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Pelvic Inflammatory Disease (PID)

Pelvic Inflammatory Disease (PID)

What is it?

Pelvic Inflammatory Disease (PID) describes any infection and inflammation of a woman’s reproductive organs. PID is usually the result of the spread of a bacterial STI from the vagina, most often chlamydia or gonorrhoea. The infection can travel up through the cervix into the uterus and up the fallopian tubes where it causes inflammation. This can result in scarring and blocking of the tubes. The ovaries and tissues surrounding all these organs may be affected. Other serious consequences can be infertility and ectopic pregnancy.

How do you get it?

  • Unprotected sexual activity.
  • Often caused by gonorrhoea and chlamydia.

Signs and symptoms

The symptoms of PID may be mild, moderate or severe. They may develop gradually or come on suddenly. Any of the following symptoms may occur with PID:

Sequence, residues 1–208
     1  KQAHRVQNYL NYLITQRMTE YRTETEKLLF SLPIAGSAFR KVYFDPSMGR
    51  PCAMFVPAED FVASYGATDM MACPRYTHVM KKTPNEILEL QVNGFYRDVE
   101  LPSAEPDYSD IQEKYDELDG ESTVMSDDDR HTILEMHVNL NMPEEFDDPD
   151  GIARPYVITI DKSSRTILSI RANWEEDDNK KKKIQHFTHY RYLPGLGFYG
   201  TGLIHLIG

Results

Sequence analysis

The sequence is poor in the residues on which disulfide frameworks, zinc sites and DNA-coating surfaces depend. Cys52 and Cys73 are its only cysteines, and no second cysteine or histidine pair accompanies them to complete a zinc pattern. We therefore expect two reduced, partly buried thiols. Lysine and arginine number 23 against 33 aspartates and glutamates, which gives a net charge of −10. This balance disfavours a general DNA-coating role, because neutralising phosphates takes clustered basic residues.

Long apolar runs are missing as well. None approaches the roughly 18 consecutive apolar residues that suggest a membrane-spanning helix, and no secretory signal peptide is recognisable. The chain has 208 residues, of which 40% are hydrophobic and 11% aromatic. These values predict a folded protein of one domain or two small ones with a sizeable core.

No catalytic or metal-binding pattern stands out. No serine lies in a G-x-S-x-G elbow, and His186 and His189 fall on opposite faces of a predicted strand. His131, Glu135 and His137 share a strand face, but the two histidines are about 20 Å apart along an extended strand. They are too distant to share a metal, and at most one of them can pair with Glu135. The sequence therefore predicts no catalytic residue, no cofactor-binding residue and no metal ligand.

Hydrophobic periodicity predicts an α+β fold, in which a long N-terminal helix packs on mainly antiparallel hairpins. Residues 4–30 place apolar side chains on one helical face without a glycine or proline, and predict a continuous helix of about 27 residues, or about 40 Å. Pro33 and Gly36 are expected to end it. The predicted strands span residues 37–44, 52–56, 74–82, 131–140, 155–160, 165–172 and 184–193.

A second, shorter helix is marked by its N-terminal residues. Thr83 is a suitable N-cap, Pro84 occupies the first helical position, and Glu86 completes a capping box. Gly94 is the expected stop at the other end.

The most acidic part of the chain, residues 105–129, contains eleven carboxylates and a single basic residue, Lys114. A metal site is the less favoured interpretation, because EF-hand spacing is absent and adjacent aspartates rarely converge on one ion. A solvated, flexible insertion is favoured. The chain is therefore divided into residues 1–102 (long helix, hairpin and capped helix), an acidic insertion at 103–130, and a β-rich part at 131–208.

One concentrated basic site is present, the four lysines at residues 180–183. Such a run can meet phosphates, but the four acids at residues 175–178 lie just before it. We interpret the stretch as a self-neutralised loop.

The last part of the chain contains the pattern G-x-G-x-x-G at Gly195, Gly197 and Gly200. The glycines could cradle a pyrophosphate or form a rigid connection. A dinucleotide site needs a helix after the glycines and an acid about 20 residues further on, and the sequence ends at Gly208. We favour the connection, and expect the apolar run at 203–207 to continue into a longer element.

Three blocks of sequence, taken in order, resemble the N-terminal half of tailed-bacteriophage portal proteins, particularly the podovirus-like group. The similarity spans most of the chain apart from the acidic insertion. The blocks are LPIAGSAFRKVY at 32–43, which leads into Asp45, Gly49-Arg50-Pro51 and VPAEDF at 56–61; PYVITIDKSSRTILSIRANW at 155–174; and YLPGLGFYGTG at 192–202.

• Lower abdominal pain or cramps.
  • Pain that goes from the pelvic area down to the top of the legs.
  • Pain during intercourse.
  • Unpleasant discharge, usually heavier than normal and smelly, but not necessarily itchy.
  • Bleeding after sex or between periods
  • Abdominal pain during bowel movements.
  • Rectal discomfort or a sense of fullness in the bowels.
  • Feeling swollen or bloated.
  • Fever, weakness, fatigue, chills, lethargy.


Ensure that any treatment begins as soon as possible. PID is treated with at least a 14 day course of two different antibiotics.


  • Regular three-monthly check-ups will help early detection.
  • Always use condoms and lube.